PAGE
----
Monday, September 17, 2012

Camera Obscura

 Mark 8:27-38
Jesus went on with his disciples to the villages of Caesarea Philippi; and on the way he asked his disciples, ‘Who do people say that I am?’ And they answered him, ‘John the Baptist; and others, Elijah; and still others, one of the prophets.’ He asked them, ‘But who do you say that I am?’ Peter answered him, ‘You are the Messiah.’ And he sternly ordered them not to tell anyone about him. 

Then he began to teach them that the Son of Man must undergo great suffering, and be rejected by the elders, the chief priests, and the scribes, and be killed, and after three days rise again. He said all this quite openly. And Peter took him aside and began to rebuke him. But turning and looking at his disciples, he rebuked Peter and said, ‘Get behind me, Satan! For you are setting your mind not on divine things but on human things.’ 

He called the crowd with his disciples, and said to them, ‘If any want to become my followers, let them deny themselves and take up their cross and follow me. For those who want to save their life will lose it, and those who lose their life for my sake, and for the sake of the gospel, will save it. For what will it profit them to gain the whole world and forfeit their life? Indeed, what can they give in return for their life? Those who are ashamed of me and of my words in this adulterous and sinful generation, of them the Son of Man will also be ashamed when he comes in the glory of his Father with the holy angels.’ (Gospel for Proper 19, September 16)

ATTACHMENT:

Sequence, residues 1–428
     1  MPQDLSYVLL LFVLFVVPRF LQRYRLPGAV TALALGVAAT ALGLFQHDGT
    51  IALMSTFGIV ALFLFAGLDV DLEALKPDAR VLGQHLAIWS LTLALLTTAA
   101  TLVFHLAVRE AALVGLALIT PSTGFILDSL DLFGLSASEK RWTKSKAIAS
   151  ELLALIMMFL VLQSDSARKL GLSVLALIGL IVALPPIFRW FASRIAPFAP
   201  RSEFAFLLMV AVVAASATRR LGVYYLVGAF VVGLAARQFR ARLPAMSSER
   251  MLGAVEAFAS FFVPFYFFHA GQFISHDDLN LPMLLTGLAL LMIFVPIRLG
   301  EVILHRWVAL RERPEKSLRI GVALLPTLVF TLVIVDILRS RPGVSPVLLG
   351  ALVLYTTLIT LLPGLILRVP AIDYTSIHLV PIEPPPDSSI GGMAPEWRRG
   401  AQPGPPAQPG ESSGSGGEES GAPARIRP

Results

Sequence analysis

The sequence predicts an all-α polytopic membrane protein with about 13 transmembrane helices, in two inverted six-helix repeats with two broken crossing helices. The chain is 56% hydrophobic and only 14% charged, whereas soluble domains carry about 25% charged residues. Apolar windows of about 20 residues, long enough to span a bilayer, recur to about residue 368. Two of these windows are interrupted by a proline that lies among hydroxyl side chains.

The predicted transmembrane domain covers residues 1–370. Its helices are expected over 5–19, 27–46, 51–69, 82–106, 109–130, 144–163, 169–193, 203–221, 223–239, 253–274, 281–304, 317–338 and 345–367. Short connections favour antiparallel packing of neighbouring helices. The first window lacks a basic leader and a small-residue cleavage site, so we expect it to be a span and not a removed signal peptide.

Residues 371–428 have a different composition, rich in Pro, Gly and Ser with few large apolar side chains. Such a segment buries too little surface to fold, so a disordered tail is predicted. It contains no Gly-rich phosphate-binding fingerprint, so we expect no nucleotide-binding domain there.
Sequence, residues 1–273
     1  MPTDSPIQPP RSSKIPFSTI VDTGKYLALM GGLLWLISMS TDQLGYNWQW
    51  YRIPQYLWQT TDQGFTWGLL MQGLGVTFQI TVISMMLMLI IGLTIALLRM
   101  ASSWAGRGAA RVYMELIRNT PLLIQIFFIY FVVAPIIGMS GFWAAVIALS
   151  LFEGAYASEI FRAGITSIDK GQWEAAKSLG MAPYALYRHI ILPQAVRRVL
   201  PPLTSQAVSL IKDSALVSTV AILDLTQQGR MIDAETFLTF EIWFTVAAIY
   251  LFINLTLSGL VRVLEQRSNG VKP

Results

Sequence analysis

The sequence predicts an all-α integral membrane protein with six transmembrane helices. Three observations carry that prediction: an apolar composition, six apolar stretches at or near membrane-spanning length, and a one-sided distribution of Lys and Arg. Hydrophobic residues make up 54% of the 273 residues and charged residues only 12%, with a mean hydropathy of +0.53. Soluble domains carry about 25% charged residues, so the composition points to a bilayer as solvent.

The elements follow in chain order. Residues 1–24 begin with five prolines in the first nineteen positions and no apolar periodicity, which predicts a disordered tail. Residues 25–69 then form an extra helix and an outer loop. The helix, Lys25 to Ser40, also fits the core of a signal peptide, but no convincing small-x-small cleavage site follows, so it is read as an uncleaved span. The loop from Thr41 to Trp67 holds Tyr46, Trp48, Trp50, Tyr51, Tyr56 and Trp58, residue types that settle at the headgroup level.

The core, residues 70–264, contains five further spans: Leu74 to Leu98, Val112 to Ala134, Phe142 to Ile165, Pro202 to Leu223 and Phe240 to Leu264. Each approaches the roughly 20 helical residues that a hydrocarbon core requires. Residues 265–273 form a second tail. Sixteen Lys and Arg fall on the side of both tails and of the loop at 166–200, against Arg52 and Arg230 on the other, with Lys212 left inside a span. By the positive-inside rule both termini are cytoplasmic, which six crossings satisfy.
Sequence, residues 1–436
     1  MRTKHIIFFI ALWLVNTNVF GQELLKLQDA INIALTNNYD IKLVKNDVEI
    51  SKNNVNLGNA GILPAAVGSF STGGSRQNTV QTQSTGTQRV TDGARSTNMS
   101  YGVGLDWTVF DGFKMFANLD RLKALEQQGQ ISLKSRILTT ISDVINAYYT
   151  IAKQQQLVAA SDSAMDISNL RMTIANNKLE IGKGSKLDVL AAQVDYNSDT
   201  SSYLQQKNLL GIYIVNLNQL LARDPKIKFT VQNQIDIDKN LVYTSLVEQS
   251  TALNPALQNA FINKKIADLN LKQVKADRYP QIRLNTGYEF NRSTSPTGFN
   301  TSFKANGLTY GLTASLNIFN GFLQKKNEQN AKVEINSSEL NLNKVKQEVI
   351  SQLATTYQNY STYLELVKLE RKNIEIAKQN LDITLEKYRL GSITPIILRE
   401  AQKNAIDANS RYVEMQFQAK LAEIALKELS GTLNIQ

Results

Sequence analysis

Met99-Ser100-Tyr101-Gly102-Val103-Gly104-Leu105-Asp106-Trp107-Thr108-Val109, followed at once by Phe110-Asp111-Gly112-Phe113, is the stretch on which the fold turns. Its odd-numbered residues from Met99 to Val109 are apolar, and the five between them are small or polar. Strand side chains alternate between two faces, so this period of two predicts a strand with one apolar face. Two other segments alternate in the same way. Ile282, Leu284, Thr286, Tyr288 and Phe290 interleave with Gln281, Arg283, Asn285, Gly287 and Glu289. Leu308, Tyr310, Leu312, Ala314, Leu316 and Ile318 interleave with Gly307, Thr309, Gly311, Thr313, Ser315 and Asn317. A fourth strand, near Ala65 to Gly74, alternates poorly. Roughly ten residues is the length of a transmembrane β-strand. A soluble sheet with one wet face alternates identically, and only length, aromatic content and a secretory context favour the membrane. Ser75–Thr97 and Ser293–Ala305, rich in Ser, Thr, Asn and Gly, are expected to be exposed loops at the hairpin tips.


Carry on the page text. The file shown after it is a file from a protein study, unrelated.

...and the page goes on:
Who do I say that Jesus is? Notice that Jesus asks who we SAY that he is, not who we THINK he is. Who do we proclaim Jesus to be, and how do we act upon that proclamation which we make with our words as well as our actions, we who identify as Christians?

If I was a member of the Jesus Seminar, I might talk about the historical Jesus-- a peasant at the edge of empire who may or may not have actually existed, a demythologized God--- which to me, takes away exactly what Jesus means. If I was a fundamentalist, I might say the future judge of my soul, the warrior Lamb whose return will sweep the righteous up to glory while leaving the unsaved to suffer through an age of plague and pestilence followed by eternal torment, or I might talk about him as my buddy, my co-pilot, my help, my rock, someone with whom I have a "personal relationship."